Talking heads call the mortgage interest-rate deduction a sacrosanct giveaway for the tax code, a loophole as sacred for Americans as, say, Social Security or Medicare ├â┬ó├óÔÇÜ┬¼├óÔé¼┼ô and just as electric to politicians.
But a new survey out from ""Zillow"":http://www.zillow.com/ suggests that may not be the case anymore.[IMAGE]
According to the real estate website ├â┬ó├óÔÇÜ┬¼├óÔé¼┼ô which notably conducted the survey with economists and real-estate experts instead of your average homeowners ├â┬ó├óÔÇÜ┬¼├óÔé¼┼ô 10 percent believe the mortgage interest-rate deduction should be thrown out as soon as possible, while 50 percent believe it ought to be phased out over time.
Only 10 percent thought it should remain the way it is, with 30 percent saying that eligibility deserves more restrictions at the very least.
""Although the mortgage interest deduction remains enormously popular with existing and aspiring homeowners, it costs the federal government about $90 billion a year,"" Pulsenomics LLC founder Terry Loebs said in a statement.
Tell that to homeowners and renters. A ""cross-party poll"":https://themreport.com/articles/three-in-four-voters-back-federal-housing-aid-nahb-2012-01-11 of some 1,500 respondents in January found a whopping 73 percent of voters ├â┬ó├óÔÇÜ┬¼├óÔé¼┼ô including Democrats, Republicans, and independents ├â┬ó├óÔÇÜ┬¼├óÔé¼┼ô in support of the mortgage interest-rate deduction. (Interestingly, even 67 percent of voters identifying with the anti-government-anything Tea Party crowd lined up against lawmakers trying to remove it.)
It's easy to see why many Americans love their mortgage interest-rate deductions.[COLUMN_BREAK]
According to our sister publication, _DS News_, Americans can ""deduct interest"":http://www.dsnews.com/articles/math-behind-mortgage-interest-deduction-2011-07-29 on up to $1 million of their mortgage debt and $100,000 on home-equity loan debt.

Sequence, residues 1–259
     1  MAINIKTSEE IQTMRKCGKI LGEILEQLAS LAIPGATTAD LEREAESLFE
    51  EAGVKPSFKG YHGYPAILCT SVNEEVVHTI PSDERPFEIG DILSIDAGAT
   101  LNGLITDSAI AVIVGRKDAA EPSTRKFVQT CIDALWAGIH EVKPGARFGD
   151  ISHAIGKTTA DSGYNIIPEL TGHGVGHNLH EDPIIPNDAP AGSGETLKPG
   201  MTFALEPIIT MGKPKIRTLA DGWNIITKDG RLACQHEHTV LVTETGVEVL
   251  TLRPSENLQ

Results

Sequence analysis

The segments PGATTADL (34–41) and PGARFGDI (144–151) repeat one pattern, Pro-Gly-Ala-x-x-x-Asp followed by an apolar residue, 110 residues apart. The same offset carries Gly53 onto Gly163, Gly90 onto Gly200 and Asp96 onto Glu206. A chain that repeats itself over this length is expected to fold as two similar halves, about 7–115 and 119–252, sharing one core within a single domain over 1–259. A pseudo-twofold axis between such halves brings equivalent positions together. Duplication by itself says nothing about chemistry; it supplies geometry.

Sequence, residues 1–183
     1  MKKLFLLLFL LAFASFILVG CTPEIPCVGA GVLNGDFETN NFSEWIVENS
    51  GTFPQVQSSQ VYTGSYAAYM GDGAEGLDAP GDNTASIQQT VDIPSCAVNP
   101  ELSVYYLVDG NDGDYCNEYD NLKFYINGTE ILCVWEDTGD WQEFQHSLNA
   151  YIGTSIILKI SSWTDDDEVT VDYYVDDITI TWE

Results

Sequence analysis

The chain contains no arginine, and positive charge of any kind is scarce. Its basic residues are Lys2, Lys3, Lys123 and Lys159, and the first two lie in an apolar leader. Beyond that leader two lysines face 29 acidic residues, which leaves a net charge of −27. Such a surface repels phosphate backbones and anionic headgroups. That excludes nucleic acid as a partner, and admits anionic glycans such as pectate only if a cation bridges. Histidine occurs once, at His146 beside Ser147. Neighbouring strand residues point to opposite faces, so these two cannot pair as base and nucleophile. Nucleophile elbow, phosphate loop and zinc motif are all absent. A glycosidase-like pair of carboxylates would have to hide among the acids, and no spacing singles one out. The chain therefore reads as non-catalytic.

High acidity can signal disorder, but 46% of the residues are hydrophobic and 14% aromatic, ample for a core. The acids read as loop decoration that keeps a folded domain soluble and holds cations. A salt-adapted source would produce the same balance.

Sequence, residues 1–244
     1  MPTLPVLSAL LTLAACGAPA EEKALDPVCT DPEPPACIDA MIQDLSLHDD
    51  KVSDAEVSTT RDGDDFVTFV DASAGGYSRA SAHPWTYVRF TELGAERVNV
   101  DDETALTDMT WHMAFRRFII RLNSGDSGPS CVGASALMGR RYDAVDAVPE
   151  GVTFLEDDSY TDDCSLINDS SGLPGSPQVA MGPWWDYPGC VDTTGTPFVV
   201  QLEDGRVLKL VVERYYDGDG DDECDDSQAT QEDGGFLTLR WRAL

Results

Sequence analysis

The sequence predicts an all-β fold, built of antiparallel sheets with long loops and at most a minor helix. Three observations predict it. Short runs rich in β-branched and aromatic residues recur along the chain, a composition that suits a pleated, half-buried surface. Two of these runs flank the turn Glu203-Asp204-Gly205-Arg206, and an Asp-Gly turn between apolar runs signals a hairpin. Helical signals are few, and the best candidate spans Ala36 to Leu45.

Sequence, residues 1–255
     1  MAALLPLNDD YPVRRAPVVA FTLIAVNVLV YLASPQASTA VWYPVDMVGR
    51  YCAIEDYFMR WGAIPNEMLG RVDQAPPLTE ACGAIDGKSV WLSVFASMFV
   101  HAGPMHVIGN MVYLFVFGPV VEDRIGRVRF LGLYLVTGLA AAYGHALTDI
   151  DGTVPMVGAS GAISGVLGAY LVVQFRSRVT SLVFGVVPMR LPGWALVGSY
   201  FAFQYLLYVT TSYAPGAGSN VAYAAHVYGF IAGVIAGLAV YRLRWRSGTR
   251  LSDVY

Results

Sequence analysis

But as _DS_ points out, those savings pack a punch, scrapping $94 billion in annual revenue that the federal government would otherwise collect ├â┬ó├óÔÇÜ┬¼├óÔé¼┼ô a likely reason why economists and real-estate experts begrudge the deduction in the first place.
""Time will tell whether the unprecedented fiscal challenges facing the U.S. coupled with a housing market now on the mend will embolden more policymakers to touch this lightning rod,"" Loebs added.
These bright guys also had some bright news for the housing market, according to Zillow, which found the consensus saying that home prices could rise by a total of 2.3 percent this year. More optimistic thinkers projected a 4.4 percent increase.
""It's refreshing to see this optimism at a time when the market seems to be making an organic recovery, in the absence of an artificial stimulant like the tax credits,"" Zillow Chief Economist Stan Humphries said in the statement he shared with Loebs.
And there was more, too: apparently, the economists polled by Zillow favor the Republican ticket this year. Forty-five percent of those surveyed said GOP presidential nominee and former Gov. ""Mitt Romney"":http://www.mittromney.com/ (R-Massachusetts) aligned with their beliefs, while just 34 percent nodded at President ""Barack Obama"":http://www.whitehouse.gov/administration/president-obama.
Of those same respondents, 47 percent believe Obama will steer more policy changes into the housing industry, with 21 percent behind Romney and 32 percent suggesting ""no material difference"" between the two.
Oh, and in case you were wondering, 91 percent opposed recent measures underway in California to seize underwater properties under eminent domain law to refinance those loans and offer ""fair value"" compensation to investors.
*Do you agree that policymakers should axe the mortgage interest-rate deduction? And will home prices rise significantly this year, like economists predict?*
Don't wait for us to poll you ├â┬ó├óÔÇÜ┬¼├óÔé¼┼ô give us your two cents by sending an email to firstname.lastname@example.org for a chance to appear in our monthly magazine.